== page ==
Selling in a Den of Thieves

A large company in our space says they want to acquire my startup and wants to do diligence on us. This company has a reputation for not closing deals and stealing IP from startups. I am worried they just want some free intelligence on our business which they can use to compete against us.

Your concern is a real issue and I have even lived through a situation where a larger company used the cover of an acquisition as part of a scheme to steal my startup’s technology (allegedly), which resulted in years of litigation. Yet, no buyer will purchase you without understanding your business thoroughly.

Let me address legal remedies first. You can pretty much forget any criminal remedies. State and federal authorities are overwhelmed, unqualified, easy to fool, indifferent, and almost entirely useless in protecting startups in cases of industrial espionage, so you will need to create your own protections here. (As a taxpayer and someone who still clings stubbornly to the idea of justice, I hope one day to be proven wrong in what I just wrote.)

You should have a special non-disclosure agreement and process when dealing with potential acquirers who may be fishing for your secrets. There are more aggressive terms which can be inserted in NDAs to address likely trade secret theft claims, including jurisdiction, choice of law, specialized arbitration, and even waivers of certain legal barriers (such as California’s Code of Civil Procedure § 2019.210, which is an industrial espionage felon’s best friend). You should also ensure your NDA addresses all proper parties, including subsidiaries and foreign affiliates of the buyer.

Your NDA should prohibit the buyer from hiring your employees. From a process standpoint, never let key talent meet with the potential buyer alone and never provide compensation information about your talent in identifiable format, at least at the early stages. (In the story I mentioned above, it was our refusal to permit the buyer to meet our engineers alone which caused the buyer to go around us to our engineers directly, so these contractual prohibitions are only as good as the ethical standards of everyone involved.) Depending on what your company does, you should also prohibit the buyer from using any of your contractors and manufacturing facilities, especially if you make things in places with weaker IP laws, like China.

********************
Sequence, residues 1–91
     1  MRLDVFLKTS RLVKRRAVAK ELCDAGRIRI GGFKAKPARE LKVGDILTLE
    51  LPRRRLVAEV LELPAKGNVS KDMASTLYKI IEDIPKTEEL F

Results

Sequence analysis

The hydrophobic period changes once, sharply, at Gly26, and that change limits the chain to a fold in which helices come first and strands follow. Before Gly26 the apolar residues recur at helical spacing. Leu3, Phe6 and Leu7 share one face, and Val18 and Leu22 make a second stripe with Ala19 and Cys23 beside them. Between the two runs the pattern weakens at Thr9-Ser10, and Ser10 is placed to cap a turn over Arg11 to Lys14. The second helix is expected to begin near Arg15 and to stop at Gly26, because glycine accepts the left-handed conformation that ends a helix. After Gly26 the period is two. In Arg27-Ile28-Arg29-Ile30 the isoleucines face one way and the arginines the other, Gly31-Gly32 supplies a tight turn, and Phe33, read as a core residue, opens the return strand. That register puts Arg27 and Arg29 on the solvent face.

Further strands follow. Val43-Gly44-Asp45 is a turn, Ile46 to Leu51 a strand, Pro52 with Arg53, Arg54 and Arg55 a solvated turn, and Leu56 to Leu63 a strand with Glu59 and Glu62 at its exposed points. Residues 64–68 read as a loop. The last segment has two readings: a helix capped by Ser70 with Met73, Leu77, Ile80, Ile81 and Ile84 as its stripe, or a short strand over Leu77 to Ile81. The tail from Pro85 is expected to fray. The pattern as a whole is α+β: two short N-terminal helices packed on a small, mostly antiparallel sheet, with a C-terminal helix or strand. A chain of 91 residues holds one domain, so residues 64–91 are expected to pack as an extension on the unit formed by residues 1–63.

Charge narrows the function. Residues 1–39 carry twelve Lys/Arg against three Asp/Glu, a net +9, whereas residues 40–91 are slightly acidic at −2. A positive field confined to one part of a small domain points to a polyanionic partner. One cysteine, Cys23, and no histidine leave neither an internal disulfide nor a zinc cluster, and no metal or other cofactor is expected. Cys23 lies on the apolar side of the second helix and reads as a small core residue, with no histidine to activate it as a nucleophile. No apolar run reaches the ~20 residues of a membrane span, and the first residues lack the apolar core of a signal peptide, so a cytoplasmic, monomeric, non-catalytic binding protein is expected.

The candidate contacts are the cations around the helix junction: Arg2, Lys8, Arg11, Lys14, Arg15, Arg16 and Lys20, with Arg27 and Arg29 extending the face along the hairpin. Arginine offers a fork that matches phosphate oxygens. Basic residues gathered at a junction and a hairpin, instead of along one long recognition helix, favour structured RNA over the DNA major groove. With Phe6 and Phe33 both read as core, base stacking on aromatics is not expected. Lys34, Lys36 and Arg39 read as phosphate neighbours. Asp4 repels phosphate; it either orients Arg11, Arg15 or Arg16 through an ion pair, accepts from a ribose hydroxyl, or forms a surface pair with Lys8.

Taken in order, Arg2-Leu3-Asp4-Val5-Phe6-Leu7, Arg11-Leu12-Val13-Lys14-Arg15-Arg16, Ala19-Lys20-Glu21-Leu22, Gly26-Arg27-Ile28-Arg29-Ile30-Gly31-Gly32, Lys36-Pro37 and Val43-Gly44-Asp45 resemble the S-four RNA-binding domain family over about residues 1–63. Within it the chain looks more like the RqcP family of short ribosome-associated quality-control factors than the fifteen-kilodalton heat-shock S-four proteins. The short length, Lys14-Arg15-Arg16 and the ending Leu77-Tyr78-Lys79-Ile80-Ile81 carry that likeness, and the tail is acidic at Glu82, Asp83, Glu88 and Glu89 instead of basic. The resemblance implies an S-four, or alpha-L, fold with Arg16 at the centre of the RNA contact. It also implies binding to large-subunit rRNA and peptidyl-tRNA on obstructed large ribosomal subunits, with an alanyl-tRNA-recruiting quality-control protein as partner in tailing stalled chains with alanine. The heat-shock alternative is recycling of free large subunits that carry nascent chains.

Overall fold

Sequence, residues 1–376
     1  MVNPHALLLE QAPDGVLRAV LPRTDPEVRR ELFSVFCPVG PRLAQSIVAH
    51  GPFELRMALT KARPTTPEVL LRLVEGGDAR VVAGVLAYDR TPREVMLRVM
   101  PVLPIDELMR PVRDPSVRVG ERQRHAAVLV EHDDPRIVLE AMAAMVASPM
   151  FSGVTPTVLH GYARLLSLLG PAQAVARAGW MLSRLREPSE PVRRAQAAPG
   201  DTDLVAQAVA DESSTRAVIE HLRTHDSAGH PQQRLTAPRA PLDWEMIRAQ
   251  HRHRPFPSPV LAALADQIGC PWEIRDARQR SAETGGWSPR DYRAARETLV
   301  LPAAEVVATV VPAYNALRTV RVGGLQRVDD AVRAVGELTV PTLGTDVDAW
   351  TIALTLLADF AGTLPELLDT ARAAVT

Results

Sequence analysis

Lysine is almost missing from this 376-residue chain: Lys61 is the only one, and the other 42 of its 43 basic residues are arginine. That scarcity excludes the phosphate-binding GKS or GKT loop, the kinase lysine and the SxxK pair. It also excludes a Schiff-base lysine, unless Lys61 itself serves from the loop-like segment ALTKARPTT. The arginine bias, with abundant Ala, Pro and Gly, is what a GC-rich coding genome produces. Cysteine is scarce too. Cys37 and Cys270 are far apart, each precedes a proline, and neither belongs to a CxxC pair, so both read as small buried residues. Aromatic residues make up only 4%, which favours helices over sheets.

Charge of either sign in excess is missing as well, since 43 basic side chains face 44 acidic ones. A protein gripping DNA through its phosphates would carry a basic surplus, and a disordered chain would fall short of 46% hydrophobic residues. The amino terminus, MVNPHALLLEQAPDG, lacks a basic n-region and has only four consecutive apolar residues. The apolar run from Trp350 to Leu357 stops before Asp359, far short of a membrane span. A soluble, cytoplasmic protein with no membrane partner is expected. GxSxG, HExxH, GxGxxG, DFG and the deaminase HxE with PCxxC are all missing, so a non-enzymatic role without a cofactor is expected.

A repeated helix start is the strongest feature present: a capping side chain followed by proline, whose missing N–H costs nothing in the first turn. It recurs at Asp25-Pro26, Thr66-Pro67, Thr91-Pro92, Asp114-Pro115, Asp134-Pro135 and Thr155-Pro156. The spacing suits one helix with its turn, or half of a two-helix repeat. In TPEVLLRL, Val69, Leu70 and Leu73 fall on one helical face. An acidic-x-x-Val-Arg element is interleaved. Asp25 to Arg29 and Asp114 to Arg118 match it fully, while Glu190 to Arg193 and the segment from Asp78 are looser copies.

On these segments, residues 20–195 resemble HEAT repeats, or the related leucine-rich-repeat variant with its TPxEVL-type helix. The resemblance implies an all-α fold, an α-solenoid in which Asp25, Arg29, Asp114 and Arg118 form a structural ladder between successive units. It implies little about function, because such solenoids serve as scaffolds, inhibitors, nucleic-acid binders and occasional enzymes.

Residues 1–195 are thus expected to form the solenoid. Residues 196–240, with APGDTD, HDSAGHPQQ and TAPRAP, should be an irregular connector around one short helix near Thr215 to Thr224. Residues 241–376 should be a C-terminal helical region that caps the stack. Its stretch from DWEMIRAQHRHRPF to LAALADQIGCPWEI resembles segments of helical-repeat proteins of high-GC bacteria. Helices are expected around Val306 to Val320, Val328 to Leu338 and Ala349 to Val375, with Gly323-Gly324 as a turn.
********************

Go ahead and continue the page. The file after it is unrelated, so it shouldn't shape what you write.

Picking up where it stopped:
You can consider adding an enhanced non-use provision, which can, for example, restrict the buyer from reverse engineering your technology or developing competitive products and IP for a period of time, although almost all buyers will balk at any such restrictions. You should certainly “gate” the revelation of any significant IP and other sensitive information until further into the process, once you have established the seriousness of the buyer. If you have the leverage, you might insist on a breakup fee if a deal fails to close, but such terms are rare for startups to get.

In situations where my companies dealt with notorious IP thieves, we also proactively created thickets of provisional patent applications to (a) address the combinations of our technology with the buyer’s potential product strategy, and (b) block all significant ways the potential buyer might commercialize technology in our space.

You can restrict what information the buyer is able to have in its possession, or even whether the buyer has to use a reputable third party for certain issues so it never receives some information itself. You can also insist on strong protections to ensure the destruction of information if the sales process terminates.

In the end, legal remedies are only partially effective, as a company motivated to steal will not be deterred and will have the legal resources to bury you in any litigation. If you are at the point where you are considering the steps I outlined above, query whether you even want to be doing business with this company. After all, in a successful acquisition, you and your key talent will likely be working there for some time. The sad truth is there are many companies with dubious ethics, and many parts of the world where respect for intellectual capital is spotty at best. Life is too short to work for any of them, in my view.

See also: 2.103: Driving Innovation Through IP Strategy

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